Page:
According to the National Institute on Alcohol Abuse and Alcoholism, one drink is equivalent to 1.5 ounces of 80 proof liquor (40% alcohol), 12 ounces of beer (4.5% alcohol) or 5 ounces of wine (12% alcohol.) But just how many drinks does it take to reach 0.08%? In a city such as Bend, where beers tend to be much higher than 4.5% alcohol, you have to know what contributes to your BAC.
How Quickly You Drink
The liver metabolizes alcohol at approximately one drink per hour. If your drinking pace supersedes over one drink an hour, the more likely you are to become intoxicated quickly. The liver is unable to keep up, circulating alcohol into your blood stream. The more alcohol in your blood, the more intoxicated you become, hence raising your BAC.
A lower body weight generally makes for a higher concentration of alcohol in the body. On the contrary, a higher body weight will process alcohol slower than someone who is petite. Fatty tissue doesn’t contain as much water as lean muscle tissue. Therefore, a person with a higher body fat percentage will contain more alcohol in their bodies.
Men and women process alcohol very different from each other. Men are usually larger in build, therefore having more blood volume and less body fat than women. This allows men to consume more and feel the effects of alcohol slower than a woman.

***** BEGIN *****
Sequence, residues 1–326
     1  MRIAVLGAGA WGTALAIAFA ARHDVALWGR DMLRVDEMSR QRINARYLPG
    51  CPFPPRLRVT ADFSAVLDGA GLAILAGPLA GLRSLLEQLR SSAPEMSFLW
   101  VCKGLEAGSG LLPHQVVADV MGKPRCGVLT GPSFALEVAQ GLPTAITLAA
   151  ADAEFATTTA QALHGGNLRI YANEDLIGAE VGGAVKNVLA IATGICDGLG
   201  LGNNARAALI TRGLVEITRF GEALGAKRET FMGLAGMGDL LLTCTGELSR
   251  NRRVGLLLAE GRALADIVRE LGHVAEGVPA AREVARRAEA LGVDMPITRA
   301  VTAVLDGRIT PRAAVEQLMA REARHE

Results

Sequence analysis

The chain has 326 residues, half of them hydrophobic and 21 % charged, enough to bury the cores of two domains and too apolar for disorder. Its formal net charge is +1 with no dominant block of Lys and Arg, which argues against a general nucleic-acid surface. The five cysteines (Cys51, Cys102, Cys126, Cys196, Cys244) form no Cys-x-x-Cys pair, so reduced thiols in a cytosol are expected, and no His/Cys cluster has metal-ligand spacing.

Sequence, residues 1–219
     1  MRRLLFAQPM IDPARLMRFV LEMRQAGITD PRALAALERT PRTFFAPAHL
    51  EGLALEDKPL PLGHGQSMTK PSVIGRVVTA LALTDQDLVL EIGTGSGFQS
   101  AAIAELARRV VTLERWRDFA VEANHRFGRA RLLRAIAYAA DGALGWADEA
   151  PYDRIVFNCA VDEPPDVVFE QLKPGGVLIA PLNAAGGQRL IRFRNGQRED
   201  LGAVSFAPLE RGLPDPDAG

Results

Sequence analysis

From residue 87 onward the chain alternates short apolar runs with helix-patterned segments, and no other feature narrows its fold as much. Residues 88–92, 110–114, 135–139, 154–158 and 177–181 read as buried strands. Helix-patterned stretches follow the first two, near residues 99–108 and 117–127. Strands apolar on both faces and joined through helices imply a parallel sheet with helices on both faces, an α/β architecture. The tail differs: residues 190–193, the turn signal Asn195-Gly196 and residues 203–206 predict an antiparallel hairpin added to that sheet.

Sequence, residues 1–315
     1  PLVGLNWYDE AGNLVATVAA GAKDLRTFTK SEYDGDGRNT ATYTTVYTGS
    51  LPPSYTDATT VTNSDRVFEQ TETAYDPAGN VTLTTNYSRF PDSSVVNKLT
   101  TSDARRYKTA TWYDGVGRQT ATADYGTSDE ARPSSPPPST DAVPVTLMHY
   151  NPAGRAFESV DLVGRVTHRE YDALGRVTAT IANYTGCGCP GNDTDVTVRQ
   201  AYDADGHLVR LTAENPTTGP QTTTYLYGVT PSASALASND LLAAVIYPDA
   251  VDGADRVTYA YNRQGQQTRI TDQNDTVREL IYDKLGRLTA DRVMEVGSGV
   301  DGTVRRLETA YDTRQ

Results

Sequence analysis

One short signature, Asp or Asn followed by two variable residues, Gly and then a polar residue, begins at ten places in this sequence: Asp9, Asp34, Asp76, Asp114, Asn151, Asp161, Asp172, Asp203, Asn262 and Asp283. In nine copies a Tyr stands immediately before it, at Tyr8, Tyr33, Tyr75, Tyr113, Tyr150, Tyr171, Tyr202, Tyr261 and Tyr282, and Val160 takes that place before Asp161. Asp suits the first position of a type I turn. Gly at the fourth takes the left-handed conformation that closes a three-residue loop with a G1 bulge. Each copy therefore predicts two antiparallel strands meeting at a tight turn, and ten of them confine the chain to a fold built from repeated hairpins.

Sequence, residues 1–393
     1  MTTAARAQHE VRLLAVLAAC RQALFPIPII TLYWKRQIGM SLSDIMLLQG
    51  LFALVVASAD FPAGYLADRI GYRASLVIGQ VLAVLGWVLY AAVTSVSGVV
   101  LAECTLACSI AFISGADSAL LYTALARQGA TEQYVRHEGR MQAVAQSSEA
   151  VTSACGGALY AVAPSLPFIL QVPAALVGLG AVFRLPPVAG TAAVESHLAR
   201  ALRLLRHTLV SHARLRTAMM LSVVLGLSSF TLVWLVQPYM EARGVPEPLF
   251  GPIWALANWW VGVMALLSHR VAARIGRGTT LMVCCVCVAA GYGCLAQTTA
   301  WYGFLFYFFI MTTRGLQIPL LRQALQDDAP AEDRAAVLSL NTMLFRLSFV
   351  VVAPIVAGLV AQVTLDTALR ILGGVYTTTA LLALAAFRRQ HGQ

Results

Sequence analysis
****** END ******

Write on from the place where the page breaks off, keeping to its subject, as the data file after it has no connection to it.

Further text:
Dehydrogenase is an enzyme that breaks down alcohol. Men have a higher quantity of this enzyme in their body than women.
Food in System
While food does not absorb alcohol, it definitely slows down the process. If there is food in someone’s stomach, alcohol is absorbed more slowly into the bloodstream. The alcohol will still have its effects, but at a slower rate.
Size of a Drink
Living in a “beer town” such as Bend, it is important to know that while it is illegal for a bartender to overserve, it still happens all of the time. Beers can range anywhere from 3% to 25% out here! If you’ve only had “one drink” but it was a 15% barrel-aged beer, then chances are, you’re probably over the legal limit. Same goes for ordering doubles. While a cocktail might call for one shot, your server might be “hooking it up” and over serving.
There are several other factors such as hormones, mixing medications and booze, tolerance, stress, etc., that will contribute to your BAC. While you may never know exactly when your BAC is at a 0.08%, it’s always better to play it safe. Take an Uber, Lyft or a cab before getting behind the wheel.
If you or a loved one has been charged with a DUII, Donahue Law Firm can help. Call us today. Play Hard, Play Safe!